Phonetics Exercises Using the Alvin Experiment-Control Software Purpose Exercises are described that were designed to provide practice in phonetic transcription for students taking an introductory phonetics course. The goal was to allow instructors to offload much of the drill that would otherwise need to be covered in class or handled with paper-and-pencil tasks using text rather than ... Tutorial
Tutorial  |   April 01, 2015
Phonetics Exercises Using the Alvin Experiment-Control Software
 
Author Affiliations & Notes
  • James M. Hillenbrand
    Western Michigan University, Kalamazoo
  • Robert T. Gayvert
    Gayvert Consulting, Fairport, NY
  • Michael J. Clark
    Western Michigan University, Kalamazoo
  • Disclosure: The authors have declared that no competing interests existed at the time of publication.
    Disclosure: The authors have declared that no competing interests existed at the time of publication.×
  • Correspondence to James M. Hillenbrand: james.hillenbrand@wmich.edu
  • Editor and Associate Editor: Jody Kreiman
    Editor and Associate Editor: Jody Kreiman×
Article Information
Speech, Voice & Prosody / Speech / Tutorial
Tutorial   |   April 01, 2015
Phonetics Exercises Using the Alvin Experiment-Control Software
Journal of Speech, Language, and Hearing Research, April 2015, Vol. 58, 171-184. doi:10.1044/2014_JSLHR-S-14-0149
History: Received June 6, 2014 , Revised August 18, 2014 , Accepted October 23, 2014
 
Journal of Speech, Language, and Hearing Research, April 2015, Vol. 58, 171-184. doi:10.1044/2014_JSLHR-S-14-0149
History: Received June 6, 2014; Revised August 18, 2014; Accepted October 23, 2014

Purpose Exercises are described that were designed to provide practice in phonetic transcription for students taking an introductory phonetics course. The goal was to allow instructors to offload much of the drill that would otherwise need to be covered in class or handled with paper-and-pencil tasks using text rather than speech as input.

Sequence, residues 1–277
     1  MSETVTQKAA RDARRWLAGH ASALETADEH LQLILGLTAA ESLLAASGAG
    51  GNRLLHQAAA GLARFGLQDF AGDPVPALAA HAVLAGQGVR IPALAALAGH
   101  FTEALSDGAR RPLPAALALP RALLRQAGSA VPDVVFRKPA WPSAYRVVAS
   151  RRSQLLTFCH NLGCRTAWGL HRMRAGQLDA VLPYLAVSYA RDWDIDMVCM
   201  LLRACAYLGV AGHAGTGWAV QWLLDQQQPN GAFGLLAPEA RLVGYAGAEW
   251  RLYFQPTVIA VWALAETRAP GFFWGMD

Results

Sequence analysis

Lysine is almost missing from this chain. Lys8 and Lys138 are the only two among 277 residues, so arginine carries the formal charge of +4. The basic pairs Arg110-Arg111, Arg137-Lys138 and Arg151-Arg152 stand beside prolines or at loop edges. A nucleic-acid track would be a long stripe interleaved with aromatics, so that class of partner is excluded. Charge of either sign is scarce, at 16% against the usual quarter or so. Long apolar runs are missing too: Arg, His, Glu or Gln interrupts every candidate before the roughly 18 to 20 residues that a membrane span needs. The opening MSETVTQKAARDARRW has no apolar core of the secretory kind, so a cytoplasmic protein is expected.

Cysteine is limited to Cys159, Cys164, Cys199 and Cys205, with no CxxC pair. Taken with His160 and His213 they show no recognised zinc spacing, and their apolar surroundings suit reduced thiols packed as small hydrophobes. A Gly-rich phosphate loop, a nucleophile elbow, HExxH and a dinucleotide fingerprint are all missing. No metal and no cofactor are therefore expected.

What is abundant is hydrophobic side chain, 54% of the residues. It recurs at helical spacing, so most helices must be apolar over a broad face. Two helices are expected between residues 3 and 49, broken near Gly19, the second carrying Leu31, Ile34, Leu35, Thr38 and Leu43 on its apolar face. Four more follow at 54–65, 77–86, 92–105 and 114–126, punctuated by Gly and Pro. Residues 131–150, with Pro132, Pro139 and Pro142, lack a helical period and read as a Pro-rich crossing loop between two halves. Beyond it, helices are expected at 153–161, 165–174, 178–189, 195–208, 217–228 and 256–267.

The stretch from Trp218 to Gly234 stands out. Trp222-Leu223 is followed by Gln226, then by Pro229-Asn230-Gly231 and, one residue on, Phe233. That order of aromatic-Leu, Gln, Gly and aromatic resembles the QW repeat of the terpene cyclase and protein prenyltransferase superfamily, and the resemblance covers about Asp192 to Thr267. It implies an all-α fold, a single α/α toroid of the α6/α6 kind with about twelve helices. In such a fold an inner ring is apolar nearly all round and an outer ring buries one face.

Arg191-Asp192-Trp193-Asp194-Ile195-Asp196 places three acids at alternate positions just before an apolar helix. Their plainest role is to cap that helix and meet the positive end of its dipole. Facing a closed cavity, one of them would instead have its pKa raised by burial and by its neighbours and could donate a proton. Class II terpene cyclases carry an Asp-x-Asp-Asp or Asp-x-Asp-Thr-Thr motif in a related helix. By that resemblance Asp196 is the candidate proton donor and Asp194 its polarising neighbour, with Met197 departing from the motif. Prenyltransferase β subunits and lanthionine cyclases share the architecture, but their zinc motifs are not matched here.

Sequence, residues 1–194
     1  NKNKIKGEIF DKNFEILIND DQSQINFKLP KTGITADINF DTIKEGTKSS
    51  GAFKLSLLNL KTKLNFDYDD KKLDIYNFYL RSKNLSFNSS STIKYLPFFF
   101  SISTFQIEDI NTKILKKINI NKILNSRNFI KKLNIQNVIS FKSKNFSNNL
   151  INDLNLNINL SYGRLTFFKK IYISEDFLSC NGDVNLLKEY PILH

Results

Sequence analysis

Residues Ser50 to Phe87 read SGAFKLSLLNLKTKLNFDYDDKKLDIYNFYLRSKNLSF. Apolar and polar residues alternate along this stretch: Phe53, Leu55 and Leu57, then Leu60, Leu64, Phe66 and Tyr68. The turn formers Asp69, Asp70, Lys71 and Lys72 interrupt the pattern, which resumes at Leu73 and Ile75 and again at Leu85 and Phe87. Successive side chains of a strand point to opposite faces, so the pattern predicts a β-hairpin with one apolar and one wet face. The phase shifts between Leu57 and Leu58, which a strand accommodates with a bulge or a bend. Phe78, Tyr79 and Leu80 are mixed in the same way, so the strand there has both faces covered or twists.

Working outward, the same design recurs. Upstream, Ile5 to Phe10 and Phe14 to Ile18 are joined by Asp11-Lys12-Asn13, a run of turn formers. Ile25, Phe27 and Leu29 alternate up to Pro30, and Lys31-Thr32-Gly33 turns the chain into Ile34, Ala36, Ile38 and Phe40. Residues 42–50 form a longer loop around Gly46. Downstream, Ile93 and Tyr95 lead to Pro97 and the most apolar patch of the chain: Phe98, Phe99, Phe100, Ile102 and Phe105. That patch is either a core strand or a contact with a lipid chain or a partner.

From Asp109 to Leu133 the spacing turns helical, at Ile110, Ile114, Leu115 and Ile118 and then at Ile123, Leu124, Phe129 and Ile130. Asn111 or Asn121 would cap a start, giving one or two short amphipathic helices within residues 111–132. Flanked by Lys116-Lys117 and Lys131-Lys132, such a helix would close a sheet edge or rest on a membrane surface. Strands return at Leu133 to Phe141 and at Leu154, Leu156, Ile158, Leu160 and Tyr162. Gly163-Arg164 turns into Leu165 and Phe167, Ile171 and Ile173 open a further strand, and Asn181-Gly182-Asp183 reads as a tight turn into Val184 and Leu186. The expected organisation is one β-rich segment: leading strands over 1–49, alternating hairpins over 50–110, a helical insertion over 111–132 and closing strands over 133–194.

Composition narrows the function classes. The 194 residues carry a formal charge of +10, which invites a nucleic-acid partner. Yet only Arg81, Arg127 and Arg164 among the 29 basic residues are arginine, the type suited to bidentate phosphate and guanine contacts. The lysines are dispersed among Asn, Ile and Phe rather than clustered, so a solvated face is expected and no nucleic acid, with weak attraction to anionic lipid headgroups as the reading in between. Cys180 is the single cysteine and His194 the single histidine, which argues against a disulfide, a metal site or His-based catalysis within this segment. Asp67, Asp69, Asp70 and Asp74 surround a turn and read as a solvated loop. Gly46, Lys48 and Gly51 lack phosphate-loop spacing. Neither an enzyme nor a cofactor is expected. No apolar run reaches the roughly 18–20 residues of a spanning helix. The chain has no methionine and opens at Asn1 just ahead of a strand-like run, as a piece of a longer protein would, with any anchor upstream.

Method The exercises were developed using Alvin, a general-purpose software package for experiment design and control. The simplest exercises help students learn sound–symbol associations. For example, a vowel-transcription exercise presents listeners with consonant–vowel–consonant syllables on each trial; students are asked to choose among buttons labeled with phonetic symbols for 12 vowels. Several word-transcription exercises are included in which students hear a word and are asked to enter a phonetic transcription. Immediate feedback is provided for all of the exercises. An explanation of the methods that are used to create exercises is provided.

Results Although no formal evaluation was conducted, comments on course evaluations suggest that most students found the exercises to be useful.

Conclusions Exercises were developed for use in an introductory phonetics course. The exercises can be used in their current form, they can be modified to suit individual needs, or new exercises can be developed.

Acknowledgments
Development of the Alvin software was supported in part by a grant from the National Institutes of Health (R01-DC01661) to Western Michigan University. Thanks to Claire Carpenter for helpful comments on an earlier draft.
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